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Boutique’s Asia chief: a tale of two tigers in the ASEAN region

Boutique’s Asia chief: a tale of two tigers in the ASEAN region

Alquity’s head of Asian investments, Mike Sell, specialises in Asia’s developing economies. Here he scrutinises the macro and micro on trips to the Philippines and Indonesia and returns to London with a very different impression of each.

We believe a key part of any investment process should be to regularly meet the management of companies we invest in, or are considering investing in.

This is particularly the case when your aim is to steal a lead on peers by hunting for the ‘next idea’. For this reason, we place very little reliance on sell-side brokerage firms, which tend to focus on the same old names, and instead undertake the majority of our research in-house.

We also engage with companies in our London offices both face-to-face and over the phone, but there is no substitute for observing the company in its own environment, which could include its offices, factory, as well as where its products are sold. The old adage is certainly true – seeing is believing.

With this in mind, Alquity’s team Asia – myself and Aaron Armstrong – travelled to Indonesia and the Philippines earlier this summer.

Our goal was to meet with companies we are invested in, seek out new opportunities, and also to gauge the overall economic outlook – should we be concerned about the Philippines ahead of next year’s elections, and is Indonesia’s President Jokowi really a reformer?

Inside Indonesia

After a delayed journey due to bad weather in Hong Kong, we finally arrived in Jakarta. We managed to pass through the airport in 10 minutes, helped by our strategy of only carrying hand luggage. A quick trip to Bloc M Plaza – a large downtown shopping centre – on Sunday afternoon revealed a busy atmosphere.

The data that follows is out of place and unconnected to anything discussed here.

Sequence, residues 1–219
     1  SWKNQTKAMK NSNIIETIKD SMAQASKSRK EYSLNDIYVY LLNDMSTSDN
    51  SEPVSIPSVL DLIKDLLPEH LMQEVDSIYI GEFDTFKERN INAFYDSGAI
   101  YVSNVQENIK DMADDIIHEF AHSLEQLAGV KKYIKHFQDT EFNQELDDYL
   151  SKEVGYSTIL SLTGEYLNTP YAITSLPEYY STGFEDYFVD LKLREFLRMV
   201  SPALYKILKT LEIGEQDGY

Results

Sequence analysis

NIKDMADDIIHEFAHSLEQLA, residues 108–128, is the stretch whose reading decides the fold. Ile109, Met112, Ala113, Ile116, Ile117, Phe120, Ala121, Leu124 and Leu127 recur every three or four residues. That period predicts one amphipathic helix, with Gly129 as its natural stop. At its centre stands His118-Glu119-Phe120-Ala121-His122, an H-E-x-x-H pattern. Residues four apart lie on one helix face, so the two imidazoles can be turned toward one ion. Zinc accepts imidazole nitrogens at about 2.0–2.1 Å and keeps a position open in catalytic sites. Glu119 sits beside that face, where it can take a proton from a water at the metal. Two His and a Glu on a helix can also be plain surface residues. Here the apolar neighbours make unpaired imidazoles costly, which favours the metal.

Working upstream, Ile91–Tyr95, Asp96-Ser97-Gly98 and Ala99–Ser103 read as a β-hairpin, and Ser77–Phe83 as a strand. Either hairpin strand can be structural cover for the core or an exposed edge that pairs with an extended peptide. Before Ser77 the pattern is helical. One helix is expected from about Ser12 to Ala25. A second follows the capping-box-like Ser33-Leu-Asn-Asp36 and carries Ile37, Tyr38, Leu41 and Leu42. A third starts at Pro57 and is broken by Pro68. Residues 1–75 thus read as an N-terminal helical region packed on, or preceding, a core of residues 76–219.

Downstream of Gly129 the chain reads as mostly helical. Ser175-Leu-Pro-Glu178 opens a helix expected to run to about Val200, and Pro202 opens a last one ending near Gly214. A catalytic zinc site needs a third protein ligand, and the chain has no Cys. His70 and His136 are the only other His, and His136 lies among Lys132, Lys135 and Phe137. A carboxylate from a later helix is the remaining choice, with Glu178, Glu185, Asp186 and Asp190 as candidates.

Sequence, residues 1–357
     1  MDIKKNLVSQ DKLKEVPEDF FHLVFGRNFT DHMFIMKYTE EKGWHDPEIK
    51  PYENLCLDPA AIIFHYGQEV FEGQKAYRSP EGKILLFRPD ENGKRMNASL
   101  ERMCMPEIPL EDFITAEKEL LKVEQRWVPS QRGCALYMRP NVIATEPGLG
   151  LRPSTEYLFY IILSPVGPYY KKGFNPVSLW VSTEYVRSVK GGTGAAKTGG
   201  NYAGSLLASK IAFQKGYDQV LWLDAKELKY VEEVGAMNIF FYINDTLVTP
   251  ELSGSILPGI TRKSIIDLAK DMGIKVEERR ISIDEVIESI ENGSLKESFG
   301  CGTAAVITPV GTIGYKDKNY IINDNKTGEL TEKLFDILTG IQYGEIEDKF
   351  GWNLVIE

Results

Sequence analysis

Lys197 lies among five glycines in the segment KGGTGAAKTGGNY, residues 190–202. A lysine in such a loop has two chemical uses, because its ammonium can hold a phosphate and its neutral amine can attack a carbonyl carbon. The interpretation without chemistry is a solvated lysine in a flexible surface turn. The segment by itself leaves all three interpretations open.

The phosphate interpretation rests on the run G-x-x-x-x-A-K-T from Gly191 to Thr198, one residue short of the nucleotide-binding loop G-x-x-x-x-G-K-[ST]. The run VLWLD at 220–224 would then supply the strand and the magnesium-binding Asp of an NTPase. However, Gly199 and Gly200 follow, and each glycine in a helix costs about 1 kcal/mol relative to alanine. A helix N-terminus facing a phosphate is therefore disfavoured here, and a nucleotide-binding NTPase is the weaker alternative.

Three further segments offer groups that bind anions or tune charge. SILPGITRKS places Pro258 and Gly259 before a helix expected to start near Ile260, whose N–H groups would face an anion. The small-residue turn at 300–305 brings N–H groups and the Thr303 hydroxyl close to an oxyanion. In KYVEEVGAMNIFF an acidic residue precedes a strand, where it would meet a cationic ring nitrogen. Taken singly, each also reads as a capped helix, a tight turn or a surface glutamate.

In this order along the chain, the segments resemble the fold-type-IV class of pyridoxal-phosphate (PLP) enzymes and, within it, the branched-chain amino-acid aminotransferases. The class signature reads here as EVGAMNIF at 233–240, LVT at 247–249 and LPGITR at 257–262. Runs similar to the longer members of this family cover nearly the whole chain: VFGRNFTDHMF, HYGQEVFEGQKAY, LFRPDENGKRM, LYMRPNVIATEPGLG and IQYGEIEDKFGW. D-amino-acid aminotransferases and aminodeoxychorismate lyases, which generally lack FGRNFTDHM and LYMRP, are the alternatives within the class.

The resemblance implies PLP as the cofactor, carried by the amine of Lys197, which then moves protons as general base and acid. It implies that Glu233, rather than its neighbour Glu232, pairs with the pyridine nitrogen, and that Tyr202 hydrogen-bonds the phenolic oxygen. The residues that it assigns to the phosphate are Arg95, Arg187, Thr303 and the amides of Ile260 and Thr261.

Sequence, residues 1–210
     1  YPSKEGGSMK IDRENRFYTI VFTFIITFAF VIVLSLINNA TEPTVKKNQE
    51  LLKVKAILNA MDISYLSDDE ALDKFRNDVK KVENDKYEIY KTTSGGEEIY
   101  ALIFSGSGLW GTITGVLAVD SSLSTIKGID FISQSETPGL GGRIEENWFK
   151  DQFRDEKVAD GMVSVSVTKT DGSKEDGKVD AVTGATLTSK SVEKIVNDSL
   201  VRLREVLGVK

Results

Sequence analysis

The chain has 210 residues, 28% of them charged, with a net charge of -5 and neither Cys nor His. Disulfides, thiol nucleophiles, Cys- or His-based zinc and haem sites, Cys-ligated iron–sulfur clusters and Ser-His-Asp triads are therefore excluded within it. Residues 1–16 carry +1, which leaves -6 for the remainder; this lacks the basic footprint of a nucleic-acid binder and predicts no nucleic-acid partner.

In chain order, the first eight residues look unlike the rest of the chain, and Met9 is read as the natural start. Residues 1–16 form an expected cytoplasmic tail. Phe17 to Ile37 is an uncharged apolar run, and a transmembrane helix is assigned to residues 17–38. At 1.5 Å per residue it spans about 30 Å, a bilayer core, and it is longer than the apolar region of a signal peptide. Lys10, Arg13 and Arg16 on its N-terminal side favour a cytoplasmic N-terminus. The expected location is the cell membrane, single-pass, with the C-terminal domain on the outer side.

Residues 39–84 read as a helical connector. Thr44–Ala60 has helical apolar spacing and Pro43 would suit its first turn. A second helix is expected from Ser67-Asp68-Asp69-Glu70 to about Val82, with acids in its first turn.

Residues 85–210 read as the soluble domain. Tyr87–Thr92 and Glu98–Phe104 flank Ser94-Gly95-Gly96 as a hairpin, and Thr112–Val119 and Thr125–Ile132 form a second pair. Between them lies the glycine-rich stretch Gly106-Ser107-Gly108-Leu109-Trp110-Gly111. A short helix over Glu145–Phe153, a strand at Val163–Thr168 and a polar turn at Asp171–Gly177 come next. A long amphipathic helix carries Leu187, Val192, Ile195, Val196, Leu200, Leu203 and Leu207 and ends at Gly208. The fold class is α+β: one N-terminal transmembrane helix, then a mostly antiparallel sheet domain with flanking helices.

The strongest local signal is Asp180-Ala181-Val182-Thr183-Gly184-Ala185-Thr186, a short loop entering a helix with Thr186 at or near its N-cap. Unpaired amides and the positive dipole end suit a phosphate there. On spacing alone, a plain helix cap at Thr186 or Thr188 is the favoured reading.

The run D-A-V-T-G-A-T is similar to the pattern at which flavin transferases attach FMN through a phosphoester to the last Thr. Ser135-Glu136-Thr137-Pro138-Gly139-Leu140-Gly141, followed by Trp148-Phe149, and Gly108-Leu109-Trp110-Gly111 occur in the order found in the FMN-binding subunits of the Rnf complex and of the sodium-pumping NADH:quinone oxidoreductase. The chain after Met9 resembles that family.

Matahari – a relatively low-end department store, and one of our key holdings – seemed particularly popular, with queues at the tills on several of the five floors confirming the attraction of its value-for-money proposition.

Many of our meetings the following day revolved around the construction sector, which will benefit from the infrastructure improvements that Indonesia so badly needs.

However, not all the companies met our strict criteria on environmental, social and governance (ESG) issues, and while we did find two relatively undiscovered potential investments, our meetings revealed deep concerns about stagnation in the economy, rather than growth, and worries about government intervention.

These issues were increasingly apparent with the four banks that we met. Government interference with free market pricing is a concern from a macroeconomic perspective and results in deteriorating visibility and transparency of earnings for the companies involved. Banks suffer directly and indirectly from this, but also from rising bad debts – a toxic mix. As a result we sold out of the sector – which has worked out well.

Focused on the Philippines

So, after 17 meetings in Jakarta, on to the Philippines, and a long queue at immigration and nightmare traffic. Not an auspicious start.

However, this was quickly allayed by a reaffirmation of the high quality nature of the companies. Bank BDO’s focus on ESG factors was a positive surprise, as was its long-term growth outlook. This latter point was a recurring theme with companies in all sectors, providing a stark contrast to Indonesia.

We also arranged to visit a number of supermarkets to meet the store managers, rather than those from the corporate office. This enables us to gain a very different perspective from most other investors, and has reinforced our conviction in Puregold, a supermarket chain, which benefits from our long-term investment themes of urbanisation and demographics.

Not everything in the garden is rosy however. Our concerns on the wider outlook for this consumer staples company were magnified rather than diminished, with the emergence of medium-term structural issues.

In contrast we became very excited about air conditioning company Concepcion Industries, as air conditioning penetration is only 7% versus 53% in China and 72% in Singapore.

As urbanisation continues and household incomes rise, growth is only going one way – up. We were also bowled over by the management’s focus on minority shareholders. Following additional analysis back in London, we have now added this to the portfolio

Contrasting signals

Overall, two very different countries and two very different outlooks. President Jokowi is clearly not Modi, which the market has not yet fully appreciated, and we have serious concerns about the overall outlook for Indonesia. In contrast, we came away greatly reassured about the Philippines, and took home some excellent new ideas.

This article originally appeared in the October issue of Citywire Global magazine

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